Tuesday, June 19, 2007

Then The Second Wheel Blew Out

Hot on the heels, to use a tabloid phrase, of Anderson's departure from the Culture Board, the head of events for 2008, Lee Forde handed in his notice (http://news.bbc.co.uk/1/hi/england/merseyside/6749217.stm ).
Almost a week after Forde's resignation both he & the Culture Company remain tight-lipped about it. Well, almost tight-lipped. According to the BBC report, "The Culture Company has issued a statement confirming his resignation, saying it would like to thank him and wish him well for the future."
That's the sort of thing which would have fitted in to a Politbureau missive when the Berlin Wall still stood. Nowadays it's the default bollockese which emanates from many a boardroom when the PR machine hasn't got going.
The financial cost of 2008 is only now coming under the spotlight. Joe Anderson referred to it as he bade the Culture Company a less than fond farewell. The sobering reality, in stark contrast to that intoxicating morning in 2003, is that there is a £22m shortfall in Liverpool City Council's fund for 2008. One contentious option for the council, first discussed at a council meeting last Wednesday, is that the city raise the £22m by borrowing the sum over five years. However, this option will not be available if the government doesn't agree to a change in rules to allow this funding plan.
Both Joe Anderson & present council leader, Warren Bradley hope to meet Gordon Brown & pitch their case. From what I've heard, however, Brown is in no hurry to approve the plan, even though it involves no new treasury cash. His thinking is that since the Lib-Dems have been held power in Liverpool for the last decade or so, they should take the hit in any political fall-out over the 2008 shambles.

Once Upon A Time, It All Seemed So Simple

Remember this moment, folks? That morning in the bar area of Liverpool's Empire Theatre in 2003 when the assorted local civic worthies & their business pals glugged back the champers at a ridiculously early hour to celebrate the Capital of Culture Award?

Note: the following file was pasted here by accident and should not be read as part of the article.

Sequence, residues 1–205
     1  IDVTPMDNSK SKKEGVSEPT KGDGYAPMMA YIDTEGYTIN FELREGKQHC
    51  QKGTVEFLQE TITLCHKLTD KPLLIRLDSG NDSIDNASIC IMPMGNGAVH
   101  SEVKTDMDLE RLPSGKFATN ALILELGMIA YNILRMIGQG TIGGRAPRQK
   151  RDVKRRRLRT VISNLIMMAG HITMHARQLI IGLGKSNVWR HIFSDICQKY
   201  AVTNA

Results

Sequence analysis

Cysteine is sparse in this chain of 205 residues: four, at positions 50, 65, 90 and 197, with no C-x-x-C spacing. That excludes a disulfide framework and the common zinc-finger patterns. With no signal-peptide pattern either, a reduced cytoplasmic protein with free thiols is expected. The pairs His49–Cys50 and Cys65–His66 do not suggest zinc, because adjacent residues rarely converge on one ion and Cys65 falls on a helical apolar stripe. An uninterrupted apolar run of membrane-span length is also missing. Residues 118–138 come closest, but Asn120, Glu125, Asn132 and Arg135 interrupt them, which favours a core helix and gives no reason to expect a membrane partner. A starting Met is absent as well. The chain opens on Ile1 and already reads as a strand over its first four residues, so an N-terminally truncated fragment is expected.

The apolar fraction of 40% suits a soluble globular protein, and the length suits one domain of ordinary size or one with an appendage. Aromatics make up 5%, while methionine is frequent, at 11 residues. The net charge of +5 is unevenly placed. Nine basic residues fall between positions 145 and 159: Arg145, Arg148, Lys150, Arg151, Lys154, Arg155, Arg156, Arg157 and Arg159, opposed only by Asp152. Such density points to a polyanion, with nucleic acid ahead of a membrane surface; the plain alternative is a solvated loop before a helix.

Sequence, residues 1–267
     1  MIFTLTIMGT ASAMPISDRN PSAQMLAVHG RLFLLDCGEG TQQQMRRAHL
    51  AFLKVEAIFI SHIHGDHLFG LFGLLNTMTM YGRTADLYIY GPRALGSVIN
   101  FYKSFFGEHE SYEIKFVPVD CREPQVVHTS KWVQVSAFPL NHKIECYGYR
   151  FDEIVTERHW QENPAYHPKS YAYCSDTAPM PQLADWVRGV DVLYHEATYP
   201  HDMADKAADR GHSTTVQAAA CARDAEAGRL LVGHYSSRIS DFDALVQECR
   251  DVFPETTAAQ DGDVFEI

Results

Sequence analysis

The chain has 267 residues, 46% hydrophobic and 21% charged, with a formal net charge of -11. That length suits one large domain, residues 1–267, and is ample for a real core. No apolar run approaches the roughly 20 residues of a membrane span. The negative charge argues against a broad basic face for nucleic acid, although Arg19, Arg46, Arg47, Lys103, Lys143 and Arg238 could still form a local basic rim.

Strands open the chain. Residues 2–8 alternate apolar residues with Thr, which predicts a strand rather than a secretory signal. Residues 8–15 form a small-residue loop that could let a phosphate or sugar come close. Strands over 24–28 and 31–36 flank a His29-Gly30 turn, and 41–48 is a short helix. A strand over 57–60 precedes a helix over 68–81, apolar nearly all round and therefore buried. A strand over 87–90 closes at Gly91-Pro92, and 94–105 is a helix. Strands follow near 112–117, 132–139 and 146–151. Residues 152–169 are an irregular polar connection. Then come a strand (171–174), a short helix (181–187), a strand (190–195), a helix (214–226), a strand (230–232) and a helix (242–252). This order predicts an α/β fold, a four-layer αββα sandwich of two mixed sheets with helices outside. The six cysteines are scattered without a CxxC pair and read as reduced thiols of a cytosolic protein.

Even then, there were conflicting spins being put on the accolade. The Liverpool Echo, & to a lesser degree, BBC Radio Merseyside, not so much inferred as trumpeted the award as the catalyst for the economic & social transformation of the entire Merseyside region. The local Chamber of Commerce, intoxicated by the champers & heady rhetoric that day, augmented this guff.
There were, however, more sober voices. Those whose input was considered key to the cultural projects (local artists, musicians, theatre staff, etc.) questioned whether what was, after all, a series of cultural projects over twelve months in the city was tantamount to an entire region's renaissance.
The councillors, however, were bullish & hyperbolic in their booze-fuelled euphoria. Mike Storey, the then leader of Liverpool City Council, declared, "It's like the Beatles reforming, Liverpool winning the European Cup & Everton winning the Premiership all on the same day!"
At that point someone should have instructed Cllr Storey to go & lie down in a darkened room.
Well, with just six months remaining before 2008 arrives, the wheels are beginning to fall of the Capital of Culture juggernaut.
The first wheel came spinning away last week with the resignation of Joe Anderson, the city's Labour leader, from the Capital of Culture board (http://icliverpool.icnetwork.co.uk/0100news/0100regionalnews/tm_headline=labour-leader-quits-08- ).
According to the article, Anderson's criticisms are pretty damning:
"In a hard-hitting attack he said the Culture Board and the Culture Company were:
FAILING to engage communities and real people.
FAILING to provide a 2008 events programme that excited people.
FAILING to provide a worthwhile legacy for the city and missing the chance to kick-start creative industries."
Anderson particularly hit home with his comment, "People are constantly complaining about over emphasis on city-centre investment and when you visit parts of Speke and see the dereliction there it really hits home."
I have been critical of local politicos such as Anderson, seeing them as willing accomplices in the hype & bluster from the Culture Company (http://liverpool08.com/ ). However, Anderson, to his credit, blew away some myths about 2008. On the major developments in the city centre he said, "The renaissance is real but it was begun byEuropean Objective One funding and maintained by government grants."
The Liverpool Echo piece noted that Anderson "believed the culture board was guilty of building up unreasonable expectations about the festival from the word go."